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Journal of Youth and Adolescence

Leah M Lessard, Kara Kogachi, Jaana Juvonen
Cross-ethnic friendships are linked to a range of positive outcomes in adolescence, but have been shown to be lower quality and less stable than same-ethnic friendships. The current study examined how classroom diversity and out-of-school contact contribute to these relational differences between cross-and same-ethnic friendships. Multilevel analyses were conducted on a sample of 9,171 classroom-based friends nested within 4,333 ethnically diverse sixth grade students (54% female; 32% Latino, 20% White, 14% East/Southeast Asian, 12% African American, 14% Multiethnic, 8% Other ethnic)...
December 5, 2018: Journal of Youth and Adolescence
Gabriela Ksinan Jiskrova, Alexander T Vazsonyi, Jana Klánová, Ladislav Dušek
Chronotype, or morningness/eveningness, has been associated with adjustment in both children and adolescents. Specifically, eveningness has been linked to adjustment difficulties; however, the mechanism underlying this association is poorly understood. The purpose of this study was to test whether the associations between eveningness and adjustment difficulties could be explained by an unfavorable impact of eveningness on sleep. Links from chronotype to internalizing problems and problem behaviors via sleep quantity and sleep problems were tested in a sample from the European Longitudinal Study of Pregnancy and Childhood (N = 3485; 48...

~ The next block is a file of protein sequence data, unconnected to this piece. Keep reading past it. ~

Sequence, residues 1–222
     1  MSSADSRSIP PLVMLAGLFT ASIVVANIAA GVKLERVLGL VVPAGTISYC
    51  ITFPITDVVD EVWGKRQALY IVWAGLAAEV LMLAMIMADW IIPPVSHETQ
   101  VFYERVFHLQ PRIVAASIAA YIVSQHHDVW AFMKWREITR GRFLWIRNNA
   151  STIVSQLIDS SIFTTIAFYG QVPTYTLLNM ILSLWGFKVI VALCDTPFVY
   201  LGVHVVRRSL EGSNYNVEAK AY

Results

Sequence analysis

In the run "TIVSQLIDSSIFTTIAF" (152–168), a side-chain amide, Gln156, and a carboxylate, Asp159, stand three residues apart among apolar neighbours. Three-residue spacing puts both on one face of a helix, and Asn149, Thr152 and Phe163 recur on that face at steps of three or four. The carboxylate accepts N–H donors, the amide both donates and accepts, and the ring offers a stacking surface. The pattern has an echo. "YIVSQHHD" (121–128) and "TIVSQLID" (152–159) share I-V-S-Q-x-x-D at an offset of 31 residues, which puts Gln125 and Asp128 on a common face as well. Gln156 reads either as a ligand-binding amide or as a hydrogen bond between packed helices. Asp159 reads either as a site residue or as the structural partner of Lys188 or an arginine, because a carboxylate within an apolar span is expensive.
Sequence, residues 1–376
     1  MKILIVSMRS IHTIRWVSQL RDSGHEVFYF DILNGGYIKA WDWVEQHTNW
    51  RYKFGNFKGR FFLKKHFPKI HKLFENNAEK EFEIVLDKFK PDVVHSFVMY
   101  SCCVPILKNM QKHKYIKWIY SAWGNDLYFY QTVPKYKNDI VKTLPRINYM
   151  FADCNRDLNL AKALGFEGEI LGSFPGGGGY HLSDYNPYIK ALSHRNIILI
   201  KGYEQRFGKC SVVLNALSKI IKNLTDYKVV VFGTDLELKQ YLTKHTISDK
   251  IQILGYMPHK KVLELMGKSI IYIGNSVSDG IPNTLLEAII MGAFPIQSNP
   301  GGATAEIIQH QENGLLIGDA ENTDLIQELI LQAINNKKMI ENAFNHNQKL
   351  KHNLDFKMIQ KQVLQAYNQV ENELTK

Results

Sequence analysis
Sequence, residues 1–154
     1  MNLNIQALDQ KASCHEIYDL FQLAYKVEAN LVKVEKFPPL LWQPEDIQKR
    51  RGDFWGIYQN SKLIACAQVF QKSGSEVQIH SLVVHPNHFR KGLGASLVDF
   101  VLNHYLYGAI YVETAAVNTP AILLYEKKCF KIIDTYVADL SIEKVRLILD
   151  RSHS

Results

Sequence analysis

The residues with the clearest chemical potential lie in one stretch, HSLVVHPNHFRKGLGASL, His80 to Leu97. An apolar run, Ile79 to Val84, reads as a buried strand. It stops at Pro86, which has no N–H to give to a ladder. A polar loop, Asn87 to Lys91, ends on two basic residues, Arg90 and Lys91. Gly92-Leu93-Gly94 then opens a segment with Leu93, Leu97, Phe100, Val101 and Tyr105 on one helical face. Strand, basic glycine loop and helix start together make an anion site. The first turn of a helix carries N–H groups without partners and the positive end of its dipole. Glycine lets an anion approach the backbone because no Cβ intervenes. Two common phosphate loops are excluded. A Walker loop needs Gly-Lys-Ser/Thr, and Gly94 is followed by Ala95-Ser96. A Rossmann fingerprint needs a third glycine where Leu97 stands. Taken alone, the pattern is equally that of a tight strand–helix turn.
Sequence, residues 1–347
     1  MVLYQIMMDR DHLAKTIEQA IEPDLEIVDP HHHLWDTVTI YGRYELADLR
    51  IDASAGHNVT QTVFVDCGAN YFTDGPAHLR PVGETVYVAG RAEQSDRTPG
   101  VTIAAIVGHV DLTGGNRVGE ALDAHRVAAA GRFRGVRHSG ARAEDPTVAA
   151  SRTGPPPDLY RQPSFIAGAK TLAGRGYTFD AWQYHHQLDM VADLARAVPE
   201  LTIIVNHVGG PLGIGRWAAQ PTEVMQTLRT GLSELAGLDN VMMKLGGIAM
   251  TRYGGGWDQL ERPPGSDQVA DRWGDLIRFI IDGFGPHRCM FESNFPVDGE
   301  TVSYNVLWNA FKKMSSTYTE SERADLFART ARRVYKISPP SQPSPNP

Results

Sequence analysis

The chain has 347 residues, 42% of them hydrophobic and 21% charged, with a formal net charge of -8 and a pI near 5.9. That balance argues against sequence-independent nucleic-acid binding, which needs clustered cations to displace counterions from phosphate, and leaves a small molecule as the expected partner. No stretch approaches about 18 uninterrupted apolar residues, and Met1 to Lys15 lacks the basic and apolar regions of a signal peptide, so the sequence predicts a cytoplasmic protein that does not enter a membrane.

December 4, 2018: Journal of Youth and Adolescence
Lester Sim, Su Yeong Kim, Minyu Zhang, Yishan Shen
Language brokering is a prevalent phenomenon in ethnic minority immigrant populations. Although accruing evidence points to the beneficial impacts of healthy role identity development, research investigating the formation of a language broker role identity in language brokering adolescents is lacking in the literature. In a sample of 604 Latinx adolescents (54.3% female; Mage at Time 1 = 12.41, SD = .97), structured equation modeling was conducted with maternal warmth and hostility examined as antecedents and adolescents' life meaning as a mediator for language broker role identities...
November 30, 2018: Journal of Youth and Adolescence
Allison Hilmer
No abstract text is available yet for this article.
November 30, 2018: Journal of Youth and Adolescence
Muhammed Yildiz, Emirhan Demirhan, Suheyl Gurbuz